Early Miocene continental subduction and rapid exhumation in the western Mediterranean

Platt, John P.; Anczkiewicz, Robert; Soto, Juan-Ignacio; Kelley, Simon P. and Thirlwall, Matthew (2006). Early Miocene continental subduction and rapid exhumation in the western Mediterranean. Geology, 34(11) pp. 981–984.

DOI: https://doi.org/10.1130/G22801A.1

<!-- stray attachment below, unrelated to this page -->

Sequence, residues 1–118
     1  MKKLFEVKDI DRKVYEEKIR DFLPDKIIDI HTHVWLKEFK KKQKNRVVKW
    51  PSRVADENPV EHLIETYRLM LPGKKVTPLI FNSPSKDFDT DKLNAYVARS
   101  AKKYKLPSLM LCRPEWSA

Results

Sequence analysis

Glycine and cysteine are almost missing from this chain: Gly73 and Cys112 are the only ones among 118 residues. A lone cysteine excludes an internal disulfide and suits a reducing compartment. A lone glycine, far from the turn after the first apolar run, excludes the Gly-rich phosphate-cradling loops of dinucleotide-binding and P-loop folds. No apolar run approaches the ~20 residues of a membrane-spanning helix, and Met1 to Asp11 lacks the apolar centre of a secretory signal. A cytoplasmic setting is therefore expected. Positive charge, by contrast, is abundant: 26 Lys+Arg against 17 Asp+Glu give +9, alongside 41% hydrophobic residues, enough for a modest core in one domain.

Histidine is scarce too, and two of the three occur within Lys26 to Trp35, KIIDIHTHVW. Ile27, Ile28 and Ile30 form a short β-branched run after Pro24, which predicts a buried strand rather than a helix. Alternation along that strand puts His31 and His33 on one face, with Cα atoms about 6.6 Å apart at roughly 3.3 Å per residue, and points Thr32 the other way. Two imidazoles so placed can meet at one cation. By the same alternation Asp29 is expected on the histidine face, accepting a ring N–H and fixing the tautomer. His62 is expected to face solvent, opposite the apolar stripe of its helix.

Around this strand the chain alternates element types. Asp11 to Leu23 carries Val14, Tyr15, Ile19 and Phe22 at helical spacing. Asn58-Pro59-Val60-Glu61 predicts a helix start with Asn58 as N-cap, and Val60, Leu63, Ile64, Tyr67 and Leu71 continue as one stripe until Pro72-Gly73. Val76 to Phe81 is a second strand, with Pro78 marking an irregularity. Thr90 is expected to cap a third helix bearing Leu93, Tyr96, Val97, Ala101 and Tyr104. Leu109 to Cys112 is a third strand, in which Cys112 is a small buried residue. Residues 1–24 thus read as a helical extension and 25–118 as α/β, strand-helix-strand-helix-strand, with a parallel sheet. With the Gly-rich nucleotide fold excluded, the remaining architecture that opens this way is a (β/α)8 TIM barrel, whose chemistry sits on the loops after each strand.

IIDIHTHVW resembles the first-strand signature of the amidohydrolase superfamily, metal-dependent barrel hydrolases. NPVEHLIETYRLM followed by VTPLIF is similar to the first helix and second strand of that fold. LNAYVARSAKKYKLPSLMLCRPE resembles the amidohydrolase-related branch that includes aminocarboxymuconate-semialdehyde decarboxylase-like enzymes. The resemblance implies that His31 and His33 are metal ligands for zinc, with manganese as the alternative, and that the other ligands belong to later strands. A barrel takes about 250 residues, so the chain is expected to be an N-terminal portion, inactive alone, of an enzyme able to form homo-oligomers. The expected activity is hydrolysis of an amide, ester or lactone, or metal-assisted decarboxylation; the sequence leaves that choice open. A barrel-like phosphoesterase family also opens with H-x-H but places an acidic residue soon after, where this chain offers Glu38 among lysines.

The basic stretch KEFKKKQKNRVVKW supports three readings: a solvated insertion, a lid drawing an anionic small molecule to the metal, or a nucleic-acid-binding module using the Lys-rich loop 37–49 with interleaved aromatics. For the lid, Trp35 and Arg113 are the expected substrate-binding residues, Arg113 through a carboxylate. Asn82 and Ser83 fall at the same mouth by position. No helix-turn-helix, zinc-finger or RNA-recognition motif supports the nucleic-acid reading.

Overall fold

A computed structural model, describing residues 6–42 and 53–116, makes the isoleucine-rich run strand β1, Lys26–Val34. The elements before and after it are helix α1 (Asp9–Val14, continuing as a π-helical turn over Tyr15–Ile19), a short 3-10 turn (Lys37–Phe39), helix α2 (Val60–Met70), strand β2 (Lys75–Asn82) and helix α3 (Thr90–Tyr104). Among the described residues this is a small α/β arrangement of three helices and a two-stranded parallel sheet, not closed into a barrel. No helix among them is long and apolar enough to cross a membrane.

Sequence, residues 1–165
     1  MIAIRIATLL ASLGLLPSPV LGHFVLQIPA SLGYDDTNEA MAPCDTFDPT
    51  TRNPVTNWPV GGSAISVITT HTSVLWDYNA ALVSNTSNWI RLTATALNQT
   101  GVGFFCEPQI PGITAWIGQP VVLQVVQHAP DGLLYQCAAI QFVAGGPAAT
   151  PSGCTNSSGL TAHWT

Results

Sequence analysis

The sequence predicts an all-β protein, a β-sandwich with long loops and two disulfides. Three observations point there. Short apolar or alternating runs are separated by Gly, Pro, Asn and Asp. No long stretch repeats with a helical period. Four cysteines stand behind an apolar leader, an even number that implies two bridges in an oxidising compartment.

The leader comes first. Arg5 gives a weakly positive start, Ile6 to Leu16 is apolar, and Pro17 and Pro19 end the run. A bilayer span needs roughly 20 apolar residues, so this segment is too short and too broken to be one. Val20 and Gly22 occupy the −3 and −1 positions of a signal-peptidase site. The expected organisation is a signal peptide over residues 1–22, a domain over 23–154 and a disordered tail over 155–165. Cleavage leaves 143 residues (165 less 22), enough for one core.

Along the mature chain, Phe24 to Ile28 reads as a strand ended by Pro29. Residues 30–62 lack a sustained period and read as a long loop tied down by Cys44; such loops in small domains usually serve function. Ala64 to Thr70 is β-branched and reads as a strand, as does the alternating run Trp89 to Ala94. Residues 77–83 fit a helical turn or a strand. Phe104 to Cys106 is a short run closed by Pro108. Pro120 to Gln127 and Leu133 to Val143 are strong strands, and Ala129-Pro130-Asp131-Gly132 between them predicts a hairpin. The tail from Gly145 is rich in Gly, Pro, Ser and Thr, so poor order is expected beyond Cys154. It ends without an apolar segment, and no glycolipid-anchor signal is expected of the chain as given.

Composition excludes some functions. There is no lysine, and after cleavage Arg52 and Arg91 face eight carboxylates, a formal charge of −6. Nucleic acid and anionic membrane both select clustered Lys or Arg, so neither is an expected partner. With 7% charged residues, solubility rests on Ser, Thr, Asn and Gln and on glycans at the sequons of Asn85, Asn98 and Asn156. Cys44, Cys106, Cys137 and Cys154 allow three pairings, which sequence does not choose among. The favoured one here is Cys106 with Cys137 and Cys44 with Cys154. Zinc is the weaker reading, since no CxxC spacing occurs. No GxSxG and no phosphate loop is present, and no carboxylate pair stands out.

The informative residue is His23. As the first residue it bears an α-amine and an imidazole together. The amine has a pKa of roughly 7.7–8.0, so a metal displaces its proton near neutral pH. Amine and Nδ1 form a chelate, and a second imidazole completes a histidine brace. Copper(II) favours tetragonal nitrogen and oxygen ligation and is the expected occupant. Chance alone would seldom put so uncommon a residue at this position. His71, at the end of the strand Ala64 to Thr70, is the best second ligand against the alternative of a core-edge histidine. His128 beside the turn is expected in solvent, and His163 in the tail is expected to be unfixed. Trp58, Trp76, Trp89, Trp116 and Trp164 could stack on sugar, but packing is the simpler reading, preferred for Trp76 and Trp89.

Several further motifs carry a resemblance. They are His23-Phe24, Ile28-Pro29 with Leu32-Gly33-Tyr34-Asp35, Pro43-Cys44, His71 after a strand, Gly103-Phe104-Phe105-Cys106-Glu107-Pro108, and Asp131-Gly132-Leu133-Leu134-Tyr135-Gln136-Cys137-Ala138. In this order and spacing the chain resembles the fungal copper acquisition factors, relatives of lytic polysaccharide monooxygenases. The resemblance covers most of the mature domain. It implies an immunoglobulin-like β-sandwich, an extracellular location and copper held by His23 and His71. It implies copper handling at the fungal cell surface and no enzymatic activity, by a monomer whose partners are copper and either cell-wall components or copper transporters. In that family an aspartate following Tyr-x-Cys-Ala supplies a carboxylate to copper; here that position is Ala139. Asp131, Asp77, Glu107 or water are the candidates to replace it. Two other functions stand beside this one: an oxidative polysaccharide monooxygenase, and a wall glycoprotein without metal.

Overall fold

New Lu-Hf garnet growth ages from high-pressure rocks from the structurally lowest terrane (Nevado-Filabride Complex) in the Betic Cordillera of southern Spain indicate early Miocene subduction of continental crust, requiring significant revision of the timing and processes of orogeny in the western part of the Alpine orogenic system. Mafic eclogite and pelitic schist give Lu-Hf ages in the range 18-14 Ma, and fission-track data show that the terrane was exhumed by 12-8 Ma. The overlying terrane (Alpujarride Complex) shows early Tertiary high pressure-temperature metamorphism; this was followed by a thermal event that accompanied rapid crustal extension at 22-18 Ma, leading to the formation of the Alboran Sea backarc basin. The evidence therefore suggests two phases of continental subduction separated by a phase of large-scale intraorogenic extension. The two terranes are now separated by a mid-late Miocene low-angle extensional fault. The timing and palleogeographic setting suggest that the Nevado-Filabride terrane originally was close to the rifted South Iberian margin, and was subducted during westward motion of the extending upper terrane between the converging African and Iberian plates.

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